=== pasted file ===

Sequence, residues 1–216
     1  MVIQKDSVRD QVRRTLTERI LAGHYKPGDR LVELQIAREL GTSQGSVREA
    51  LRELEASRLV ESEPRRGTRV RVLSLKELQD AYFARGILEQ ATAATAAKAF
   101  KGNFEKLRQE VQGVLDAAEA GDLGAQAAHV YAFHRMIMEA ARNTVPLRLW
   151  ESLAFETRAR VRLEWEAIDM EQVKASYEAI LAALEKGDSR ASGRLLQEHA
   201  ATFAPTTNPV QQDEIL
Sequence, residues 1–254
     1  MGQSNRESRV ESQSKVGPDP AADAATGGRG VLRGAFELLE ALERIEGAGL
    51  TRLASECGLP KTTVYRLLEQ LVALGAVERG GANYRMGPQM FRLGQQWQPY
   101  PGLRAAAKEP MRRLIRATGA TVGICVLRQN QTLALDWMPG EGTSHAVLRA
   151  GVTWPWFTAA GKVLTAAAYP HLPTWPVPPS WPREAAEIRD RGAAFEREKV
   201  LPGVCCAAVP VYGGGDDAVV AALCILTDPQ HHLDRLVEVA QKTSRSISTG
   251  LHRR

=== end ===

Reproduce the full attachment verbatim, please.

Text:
Sequence, residues 1–216
     1  MVIQKDSVRD QVRRTLTERI LAGHYKPGDR LVELQIAREL GTSQGSVREA
    51  LRELEASRLV ESEPRRGTRV RVLSLKELQD AYFARGILEQ ATAATAAKAF
   101  KGNFEKLRQE VQGVLDAAEA GDLGAQAAHV YAFHRMIMEA ARNTVPLRLW
   151  ESLAFETRAR VRLEWEAIDM EQVKASYEAI LAALEKGDSR ASGRLLQEHA
   201  ATFAPTTNPV QQDEIL
Sequence, residues 1–254
     1  MGQSNRESRV ESQSKVGPDP AADAATGGRG VLRGAFELLE ALERIEGAGL
    51  TRLASECGLP KTTVYRLLEQ LVALGAVERG GANYRMGPQM FRLGQQWQPY
   101  PGLRAAAKEP MRRLIRATGA TVGICVLRQN QTLALDWMPG EGTSHAVLRA
   151  GVTWPWFTAA GKVLTAAAYP HLPTWPVPPS WPREAAEIRD RGAAFEREKV
   201  LPGVCCAAVP VYGGGDDAVV AALCILTDPQ HHLDRLVEVA QKTSRSISTG
   251  LHRR